I cannot imagine what single thing I could purge from my supplies...unless perhaps the glues & clays that have aged & hardened!
I think this is why crafters are renowned for their attraction to storage systems - we love order & it is very soothing to know where to lay your hands on something you've had for decades. Creativity needs fresh things, but when you keep them long enough they transmute into different effects by the style of use.
Aslo, if I could find a way to market the thousands of valuable classical CD's my father left on his passing my daughter would be free of the boxes they are currently in under her bed. They are too obscure for local friends to be interested, yet too valuable to throw away but not valuable enough to ship to a least I have not discovered a way yet. So we remain somewhat stuck there. along with the memorabilia that only I seem to care about, since my family has mostly passed on.

It is very hard to know what to purge when you see value in so many things.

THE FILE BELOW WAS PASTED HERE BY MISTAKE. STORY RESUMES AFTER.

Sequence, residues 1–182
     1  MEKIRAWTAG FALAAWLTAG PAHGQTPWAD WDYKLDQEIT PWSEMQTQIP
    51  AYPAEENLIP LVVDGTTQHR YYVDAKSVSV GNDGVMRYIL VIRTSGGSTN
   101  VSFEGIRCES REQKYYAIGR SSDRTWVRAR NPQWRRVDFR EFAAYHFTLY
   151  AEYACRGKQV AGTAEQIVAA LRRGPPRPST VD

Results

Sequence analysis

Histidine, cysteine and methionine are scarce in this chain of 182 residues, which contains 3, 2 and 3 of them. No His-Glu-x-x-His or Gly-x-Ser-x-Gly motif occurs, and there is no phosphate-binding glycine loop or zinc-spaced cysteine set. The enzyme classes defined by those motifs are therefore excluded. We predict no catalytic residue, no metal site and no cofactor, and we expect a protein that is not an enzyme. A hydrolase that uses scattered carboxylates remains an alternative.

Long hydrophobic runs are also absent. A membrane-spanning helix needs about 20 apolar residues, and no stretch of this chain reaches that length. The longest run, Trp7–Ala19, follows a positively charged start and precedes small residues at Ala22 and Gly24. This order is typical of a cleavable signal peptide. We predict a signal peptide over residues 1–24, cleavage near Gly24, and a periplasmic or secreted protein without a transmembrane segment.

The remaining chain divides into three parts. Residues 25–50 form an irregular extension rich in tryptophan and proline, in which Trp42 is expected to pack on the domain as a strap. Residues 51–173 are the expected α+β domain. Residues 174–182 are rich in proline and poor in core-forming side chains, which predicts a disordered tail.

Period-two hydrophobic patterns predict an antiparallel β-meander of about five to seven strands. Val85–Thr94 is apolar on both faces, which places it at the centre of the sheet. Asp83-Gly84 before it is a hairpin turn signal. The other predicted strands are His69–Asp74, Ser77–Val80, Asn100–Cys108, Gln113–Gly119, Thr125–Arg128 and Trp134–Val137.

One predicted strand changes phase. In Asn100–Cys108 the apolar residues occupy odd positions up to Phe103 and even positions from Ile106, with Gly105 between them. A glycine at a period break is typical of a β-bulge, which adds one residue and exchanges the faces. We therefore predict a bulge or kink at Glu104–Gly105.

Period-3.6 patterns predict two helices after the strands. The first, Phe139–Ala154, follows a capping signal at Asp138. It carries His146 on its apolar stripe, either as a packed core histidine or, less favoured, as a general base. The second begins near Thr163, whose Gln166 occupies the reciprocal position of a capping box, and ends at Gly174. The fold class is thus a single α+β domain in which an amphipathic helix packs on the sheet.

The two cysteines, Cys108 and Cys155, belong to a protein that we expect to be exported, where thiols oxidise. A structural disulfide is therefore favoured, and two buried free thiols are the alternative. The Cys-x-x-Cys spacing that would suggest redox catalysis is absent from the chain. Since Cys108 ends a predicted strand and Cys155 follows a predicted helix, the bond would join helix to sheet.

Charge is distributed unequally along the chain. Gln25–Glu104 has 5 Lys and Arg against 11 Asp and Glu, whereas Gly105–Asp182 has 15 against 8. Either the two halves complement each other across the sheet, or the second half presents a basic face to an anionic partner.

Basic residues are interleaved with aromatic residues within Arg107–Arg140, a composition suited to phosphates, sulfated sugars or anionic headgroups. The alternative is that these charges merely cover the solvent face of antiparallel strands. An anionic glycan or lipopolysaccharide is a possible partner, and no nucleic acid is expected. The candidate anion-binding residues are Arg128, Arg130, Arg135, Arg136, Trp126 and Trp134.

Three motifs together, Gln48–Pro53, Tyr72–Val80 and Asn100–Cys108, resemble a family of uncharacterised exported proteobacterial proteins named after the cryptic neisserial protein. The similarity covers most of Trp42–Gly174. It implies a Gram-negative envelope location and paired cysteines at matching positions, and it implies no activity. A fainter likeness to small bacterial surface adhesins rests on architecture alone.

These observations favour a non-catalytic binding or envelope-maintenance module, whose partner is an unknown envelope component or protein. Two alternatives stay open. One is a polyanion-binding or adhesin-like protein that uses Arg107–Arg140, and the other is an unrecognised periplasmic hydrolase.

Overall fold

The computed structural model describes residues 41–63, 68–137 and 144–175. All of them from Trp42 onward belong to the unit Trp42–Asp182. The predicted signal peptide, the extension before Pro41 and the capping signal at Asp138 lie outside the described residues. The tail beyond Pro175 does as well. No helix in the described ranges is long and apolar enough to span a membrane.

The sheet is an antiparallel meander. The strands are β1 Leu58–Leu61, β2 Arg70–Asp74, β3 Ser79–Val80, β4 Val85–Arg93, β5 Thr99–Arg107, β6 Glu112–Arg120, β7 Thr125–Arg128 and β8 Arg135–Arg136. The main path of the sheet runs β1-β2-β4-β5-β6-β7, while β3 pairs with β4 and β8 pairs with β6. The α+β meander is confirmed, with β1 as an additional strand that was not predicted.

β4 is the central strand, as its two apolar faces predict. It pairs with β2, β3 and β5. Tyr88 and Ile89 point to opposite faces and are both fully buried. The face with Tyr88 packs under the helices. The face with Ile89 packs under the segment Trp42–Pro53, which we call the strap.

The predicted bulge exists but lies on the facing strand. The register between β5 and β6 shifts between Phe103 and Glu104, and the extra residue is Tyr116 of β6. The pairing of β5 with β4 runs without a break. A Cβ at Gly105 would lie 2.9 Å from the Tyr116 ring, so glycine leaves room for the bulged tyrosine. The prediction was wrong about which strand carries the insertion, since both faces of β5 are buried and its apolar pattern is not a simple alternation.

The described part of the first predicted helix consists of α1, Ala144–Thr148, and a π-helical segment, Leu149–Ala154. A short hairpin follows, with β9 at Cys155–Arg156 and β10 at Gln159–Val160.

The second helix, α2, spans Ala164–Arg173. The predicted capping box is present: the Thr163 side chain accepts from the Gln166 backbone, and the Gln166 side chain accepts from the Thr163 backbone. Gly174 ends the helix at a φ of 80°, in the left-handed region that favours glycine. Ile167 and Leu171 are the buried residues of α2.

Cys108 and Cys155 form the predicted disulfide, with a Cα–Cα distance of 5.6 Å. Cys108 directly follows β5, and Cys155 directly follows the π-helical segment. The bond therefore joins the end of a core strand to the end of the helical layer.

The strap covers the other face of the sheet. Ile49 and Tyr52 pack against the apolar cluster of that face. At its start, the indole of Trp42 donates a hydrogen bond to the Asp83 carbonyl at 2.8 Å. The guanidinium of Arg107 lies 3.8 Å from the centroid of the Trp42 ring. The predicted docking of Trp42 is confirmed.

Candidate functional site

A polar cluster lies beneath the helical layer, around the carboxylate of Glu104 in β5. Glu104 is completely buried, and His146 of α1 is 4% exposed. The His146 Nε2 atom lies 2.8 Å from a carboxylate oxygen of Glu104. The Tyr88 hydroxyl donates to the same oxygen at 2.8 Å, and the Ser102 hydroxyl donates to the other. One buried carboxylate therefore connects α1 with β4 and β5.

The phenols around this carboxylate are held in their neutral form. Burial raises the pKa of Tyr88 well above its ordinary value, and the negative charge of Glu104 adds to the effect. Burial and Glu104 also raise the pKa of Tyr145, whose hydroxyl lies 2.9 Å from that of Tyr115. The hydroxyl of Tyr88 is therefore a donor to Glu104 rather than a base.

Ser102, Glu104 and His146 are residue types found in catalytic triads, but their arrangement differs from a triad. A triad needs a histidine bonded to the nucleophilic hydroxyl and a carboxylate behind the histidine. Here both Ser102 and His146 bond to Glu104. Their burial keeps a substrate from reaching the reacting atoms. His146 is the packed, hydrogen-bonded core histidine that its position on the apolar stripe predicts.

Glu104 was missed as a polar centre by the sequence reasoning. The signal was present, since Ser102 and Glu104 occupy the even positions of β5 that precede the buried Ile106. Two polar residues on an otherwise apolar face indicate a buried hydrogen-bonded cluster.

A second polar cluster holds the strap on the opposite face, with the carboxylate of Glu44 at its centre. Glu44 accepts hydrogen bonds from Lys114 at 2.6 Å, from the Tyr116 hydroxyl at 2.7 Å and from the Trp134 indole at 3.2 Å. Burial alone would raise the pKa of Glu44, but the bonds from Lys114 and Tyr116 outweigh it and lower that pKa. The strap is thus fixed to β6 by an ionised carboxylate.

I completely, COMPLETELY identify with your post about craft hoarding. I'm currently sitting on my patio, drinking my morning coffee, trying to put a game plan together for the day on how to purge/organize my amazing craft supply inventory. We're "lucky" to have space for all of it but I put 'lucky' in quotes because space is a dangerous thing when you're a multi-passionate creative. I too have many varied interests. I sew, paint, reupholster, I'm a metalsmith and woodworker, the list goes on for days. It's such a relief to read your post and know I'm not alone. I agree the most with the happiness you allude to when you know you can repurpose or just play with the many varied things you have in your 'home craft store'. I'm enamored by those who live minimalist lifestyles but I've decided it isn't the life for me. My crafts are cognitive stimulants...exactly the kind of things that keep us sharp and alert as we age.I watched my grandfather slip away into his own world and dementia consumed him shortly after moving and losing access to his woodworking garage where he made thousands of things for friends and family over the years. He had nothing to do, nothing stimulating the juices that make us thrive. So, in short, you keep that craft shop going girl. I support you!!!